The annual number of candidates for the priesthood might actually rise, for instance. The number of priestless parishes might be reduced. The church’s ministry to families, itself embodied in a model of family life, might become more credible. Sex would become both a male and a female thing rather than a prescription for the control of women. And, oh yes, the place and role of women in the church might very well change, too, once women began to be seen as integral to the parish and its activities.
And there you have it. Her true intentions eventually show up. She just can’t help herself and her bitterness against and jealousy of men oozes from the page. Who are these helpless women being controlled by mean old men? On the local scale, I don’t know one parish that doesn’t find women integral to the parish and its activities. What a farce!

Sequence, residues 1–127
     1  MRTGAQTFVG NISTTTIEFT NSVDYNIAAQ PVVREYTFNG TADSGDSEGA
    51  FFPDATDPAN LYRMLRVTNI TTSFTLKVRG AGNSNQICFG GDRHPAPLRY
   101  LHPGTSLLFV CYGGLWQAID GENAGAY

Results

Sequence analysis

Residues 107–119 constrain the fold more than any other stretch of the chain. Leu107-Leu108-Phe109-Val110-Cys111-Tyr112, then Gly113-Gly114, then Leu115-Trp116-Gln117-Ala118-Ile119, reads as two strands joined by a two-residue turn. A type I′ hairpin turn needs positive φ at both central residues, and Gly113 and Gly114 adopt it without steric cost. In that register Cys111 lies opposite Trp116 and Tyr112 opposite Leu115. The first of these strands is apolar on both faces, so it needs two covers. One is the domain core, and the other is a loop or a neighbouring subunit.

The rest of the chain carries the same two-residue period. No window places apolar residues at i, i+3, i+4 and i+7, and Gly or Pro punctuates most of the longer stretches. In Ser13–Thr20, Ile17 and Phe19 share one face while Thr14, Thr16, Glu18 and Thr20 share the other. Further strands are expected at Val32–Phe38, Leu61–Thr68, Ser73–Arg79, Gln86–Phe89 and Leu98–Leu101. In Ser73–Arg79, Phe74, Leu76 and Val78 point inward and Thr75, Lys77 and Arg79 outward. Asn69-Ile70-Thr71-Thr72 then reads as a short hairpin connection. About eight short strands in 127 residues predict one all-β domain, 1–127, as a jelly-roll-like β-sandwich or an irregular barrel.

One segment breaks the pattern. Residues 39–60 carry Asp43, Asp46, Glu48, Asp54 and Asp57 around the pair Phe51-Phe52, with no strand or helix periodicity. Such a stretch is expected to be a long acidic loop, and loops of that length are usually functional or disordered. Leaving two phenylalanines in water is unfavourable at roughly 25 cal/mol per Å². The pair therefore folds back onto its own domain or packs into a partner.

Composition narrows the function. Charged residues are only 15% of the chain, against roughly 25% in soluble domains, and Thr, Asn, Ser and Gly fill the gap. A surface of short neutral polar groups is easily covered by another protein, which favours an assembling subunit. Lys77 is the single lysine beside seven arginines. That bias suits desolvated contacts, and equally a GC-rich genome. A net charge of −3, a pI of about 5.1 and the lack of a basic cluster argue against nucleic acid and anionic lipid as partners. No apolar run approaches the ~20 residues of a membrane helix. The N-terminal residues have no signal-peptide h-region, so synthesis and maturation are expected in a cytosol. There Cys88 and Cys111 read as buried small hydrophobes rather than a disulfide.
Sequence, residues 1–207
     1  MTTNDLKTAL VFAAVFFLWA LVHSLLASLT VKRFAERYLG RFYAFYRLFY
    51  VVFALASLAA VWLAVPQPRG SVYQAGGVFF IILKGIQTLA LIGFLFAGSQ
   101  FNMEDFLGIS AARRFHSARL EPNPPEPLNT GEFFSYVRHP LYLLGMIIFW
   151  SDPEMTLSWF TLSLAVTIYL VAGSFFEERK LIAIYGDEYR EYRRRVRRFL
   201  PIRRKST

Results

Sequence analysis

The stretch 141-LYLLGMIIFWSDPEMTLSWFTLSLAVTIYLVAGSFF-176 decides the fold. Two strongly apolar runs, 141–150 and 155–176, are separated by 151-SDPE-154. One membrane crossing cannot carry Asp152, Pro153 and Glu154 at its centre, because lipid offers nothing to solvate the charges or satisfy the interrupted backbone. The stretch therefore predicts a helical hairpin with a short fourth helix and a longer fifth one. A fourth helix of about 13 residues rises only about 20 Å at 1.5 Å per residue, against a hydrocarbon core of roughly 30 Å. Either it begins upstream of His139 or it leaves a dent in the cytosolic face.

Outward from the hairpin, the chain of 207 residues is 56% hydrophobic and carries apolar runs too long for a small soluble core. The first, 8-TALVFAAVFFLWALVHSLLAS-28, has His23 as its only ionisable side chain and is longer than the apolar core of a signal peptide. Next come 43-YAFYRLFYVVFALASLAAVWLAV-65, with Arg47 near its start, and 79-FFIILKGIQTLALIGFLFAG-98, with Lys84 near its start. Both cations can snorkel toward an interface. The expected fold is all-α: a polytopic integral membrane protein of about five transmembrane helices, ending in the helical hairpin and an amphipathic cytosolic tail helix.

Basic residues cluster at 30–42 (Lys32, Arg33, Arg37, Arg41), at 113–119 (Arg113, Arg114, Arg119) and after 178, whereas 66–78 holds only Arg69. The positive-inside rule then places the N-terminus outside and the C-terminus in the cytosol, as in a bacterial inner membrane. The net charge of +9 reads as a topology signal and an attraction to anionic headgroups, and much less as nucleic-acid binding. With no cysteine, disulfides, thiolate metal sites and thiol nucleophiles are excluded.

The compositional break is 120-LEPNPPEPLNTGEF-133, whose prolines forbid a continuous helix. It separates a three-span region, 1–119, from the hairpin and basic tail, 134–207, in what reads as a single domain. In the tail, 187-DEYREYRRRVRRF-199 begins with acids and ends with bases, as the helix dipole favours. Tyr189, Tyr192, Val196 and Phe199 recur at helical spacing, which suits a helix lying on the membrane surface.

All in all, the church might get to be much closer to the people, to its children, to the rest of the real questions of life. And it can’t come too soon.
Really, Joan? All because of married priesthood? Gals in the priesthood? Again, the Anglicans are in decline. I’m certainly not lamenting that. It’s been a boon for the Catholic Church where they’ve been coming en masse as of late. That said, it proves my point. Why would we want that for the Catholic Church?
But there is a second issue about ordination that is also crying to be heard. A recent report on the public position of a group of Irish priests concerning the ordination of women puts the issue of women in the church in a clear and penetrating perspective. They say, “We are aware that there are many women who are deeply hurt and saddened by this teaching. We also believe that the example given by the Church in discriminating against women encourages and reinforces abuse and violence against women in many cultures and societies.”